Different techniques work for different refluxers so trial and error are needed to identify any that may help you. They may work for refluxers and silent refluxers alike. If you have any concerns, please discuss these with your child’s doctor or Child Health Nurse.

These tips are written by reflux parents for the benefit of reflux parents, based on their own experiences. They are of a general nature only and are not meant to replace medical advice.

  • Feed your baby while they are upright. Keep their body straight with their head higher than their stomach.
  • Try to keep your baby upright for at least 30 minutes after a feed. Try to avoid the upright seated position during this time as this position can increase pressure in the abdomen and trigger reflux.
  • Avoid placing your baby flat on their back immediately following a feed.
  • Avoid exposure to tobacco smoke.
  • Avoid overfeeding – if your baby vomits, wait until the next feeding rather than feeding them again. Check with the doctor or Child Health Nurse that their intake is appropriate.
  • Consider offering your baby a dummy (or your clean finger) if you are comfortable with this idea. The swallowing action may help your baby to settle. Talk to your child’s health nurse if you have any concerns.
  • Avoid rough handling or bouncing your baby (you may need to remind family and friends of this).
  • Leave a TV, radio or white noise music on for background noise so that the baby is not easily startled by loud noises.
  • Use products to help keep your baby upright or help calm them, such as an automatic baby swing, bouncer and/or baby hammock as suitable. IMPORTANT: Never leave them unattended or let them fall asleep unsupervised in these devices as they are not designed as sleeping products.
  • The best time to lay your baby on the floor is when their tummy is empty – for example, before a feed.
  • If possible, change your baby’s nappy before a feed rather than after, as reflux is more likely to occur with a full tummy. Take care to avoid lifting the baby’s legs too high to change a nappy; try rolling your baby to the side instead. If it’s necessary to change the baby after a feed, consider changing on an inclined surface.
  • Avoid any tight clothing around the waist such as tight nappies, and elastic waistbands.
  • Thickened feeds (AR formulas or infant formulas thickened with commercial thickening agents) may be effective for some reflux babies, especially those who vomit. Discuss this option with your child’s doctor first.
  • If a food allergy or intolerance is suspected, a two-week trial of hypoallergenic formula can be helpful if your baby is formula-fed. If you are breastfeeding, you may choose to eliminate specific foods – for example, cow’s milk and soy from your diet (with medical supervision). Consider the possibility of food allergy or intolerance in older children as well. Seek medical advice regarding this. Do not change your or your child’s diet before seeking medical advice. Talk to a dietitian.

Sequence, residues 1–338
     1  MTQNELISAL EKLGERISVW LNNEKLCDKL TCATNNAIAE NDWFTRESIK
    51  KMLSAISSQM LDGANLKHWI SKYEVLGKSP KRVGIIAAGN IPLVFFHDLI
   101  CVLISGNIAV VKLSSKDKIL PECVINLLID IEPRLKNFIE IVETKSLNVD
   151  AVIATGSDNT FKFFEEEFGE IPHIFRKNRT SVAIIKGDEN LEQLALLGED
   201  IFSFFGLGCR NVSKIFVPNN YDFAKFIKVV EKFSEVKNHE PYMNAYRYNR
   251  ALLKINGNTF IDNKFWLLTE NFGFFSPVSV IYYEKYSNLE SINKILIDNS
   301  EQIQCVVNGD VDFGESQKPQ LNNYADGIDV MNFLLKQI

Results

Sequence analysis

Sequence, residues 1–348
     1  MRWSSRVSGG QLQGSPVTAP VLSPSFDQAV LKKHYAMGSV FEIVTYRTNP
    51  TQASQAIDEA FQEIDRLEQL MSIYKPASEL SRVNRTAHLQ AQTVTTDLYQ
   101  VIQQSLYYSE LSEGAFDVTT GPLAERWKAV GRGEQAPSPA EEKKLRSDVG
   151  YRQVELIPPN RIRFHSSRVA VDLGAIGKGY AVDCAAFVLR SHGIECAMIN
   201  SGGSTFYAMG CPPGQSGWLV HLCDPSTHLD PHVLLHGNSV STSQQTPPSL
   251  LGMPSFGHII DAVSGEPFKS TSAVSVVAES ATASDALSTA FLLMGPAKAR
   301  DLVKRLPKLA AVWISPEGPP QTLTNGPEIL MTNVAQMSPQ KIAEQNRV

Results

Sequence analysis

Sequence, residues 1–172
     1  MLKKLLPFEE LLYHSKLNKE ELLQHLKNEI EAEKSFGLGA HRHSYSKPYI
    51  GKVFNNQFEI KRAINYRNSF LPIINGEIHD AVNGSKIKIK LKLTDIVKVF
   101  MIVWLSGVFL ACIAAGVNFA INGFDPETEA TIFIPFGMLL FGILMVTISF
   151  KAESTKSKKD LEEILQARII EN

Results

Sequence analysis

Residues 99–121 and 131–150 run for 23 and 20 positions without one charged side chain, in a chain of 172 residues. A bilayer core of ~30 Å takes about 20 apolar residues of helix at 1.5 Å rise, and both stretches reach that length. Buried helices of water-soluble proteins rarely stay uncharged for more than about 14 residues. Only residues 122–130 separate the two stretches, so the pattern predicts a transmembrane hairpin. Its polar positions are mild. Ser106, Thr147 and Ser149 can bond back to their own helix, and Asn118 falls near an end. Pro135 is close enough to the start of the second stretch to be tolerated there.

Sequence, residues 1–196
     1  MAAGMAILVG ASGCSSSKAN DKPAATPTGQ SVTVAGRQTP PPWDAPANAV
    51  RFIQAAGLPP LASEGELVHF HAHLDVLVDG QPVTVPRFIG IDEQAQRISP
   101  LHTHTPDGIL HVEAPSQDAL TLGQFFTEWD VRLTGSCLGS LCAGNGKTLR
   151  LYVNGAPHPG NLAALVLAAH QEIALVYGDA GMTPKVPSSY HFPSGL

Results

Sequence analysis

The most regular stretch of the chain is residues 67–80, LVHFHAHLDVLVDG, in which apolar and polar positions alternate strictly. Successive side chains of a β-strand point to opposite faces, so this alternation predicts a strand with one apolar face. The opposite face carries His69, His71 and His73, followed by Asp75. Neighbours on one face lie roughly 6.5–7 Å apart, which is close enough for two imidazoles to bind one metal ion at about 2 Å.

• Contact a reflux support organisation for further information and support. The effect on the baby AND the family can be devastating and support groups can provide more detailed information, and offer the emotional support you may need.
  • Burp baby frequently during the feeds (as tolerated) – for example, after finishing each side in a breastfed baby, and after every 30-60ml in a bottle-fed baby.
  • Try feeding smaller amounts slightly more frequently (unless this upsets the baby). Frequent large feeds can trigger reflux.
  • Massage can be soothing to babies and children, and it can also aid digestion. Learn how to massage your baby/child so they get the most out of it.
  • Minimise foods and drinks if they cause irritation or increase the risk of reflux. Examples of these may be spicy foods, citrus fruits, tomatoes and other acidic food, fatty foods and caffeine.
  • If your baby is under 12 months of age, elevating the head of the bed is not supported by evidence from research studies (Craig, Hanlon-Dearman, Sinclair, Taback, & Moffatt, 2004). It may be helpful in reducing episodes of reflux in a child who is over the age of 12 months.
  • For children over the age of 2 years, adapt the management strategies to suit – for example, avoid lying down for several hours after meals, eat smaller meals more often etc. You may also like to encourage them to avoid large meals before exercise or stressful events such as exams, and avoid or minimise caffeine.
  • Encourage older children to find a comfortable sleeping position. Sleeping on the tummy or side may be helpful.
  • Older children/teenagers may consider using sugar-free chewing gum after meals, as it may reduce acid reflux and help clear acid from the oesophagus.


Additional Suggestions from RISA Members

“Go for a walk outside if you can – the screaming never seems quite so loud in the great outdoors.”

“Put your answering machine on/take the phone off the hook when you get a chance to rest.”

“Invest in a portable phone if possible. This allows you to keep in touch with friends and family whilst still attending to your baby’s needs. It is also perfect to keep beside you during baby feeding times, as the phone almost always rings after you get settled.”

Download the printable version of Reflux Management Tips (PDF).

This article is written for the benefit of reflux parents, based on the experiences of reflux parents. It is not meant to replace medical advice and is of a general nature only. If you have any questions or concerns, please seek advice from your medical professional.

Article by:

Written by Glenda Blanch, RISA Inc member and author of Reflux Reality: A Guide for Families in association with RISA Inc © 2010.

Additional information on gastro-oesophageal reflux is provided in our book Reflux Reality: A Guide for Families.


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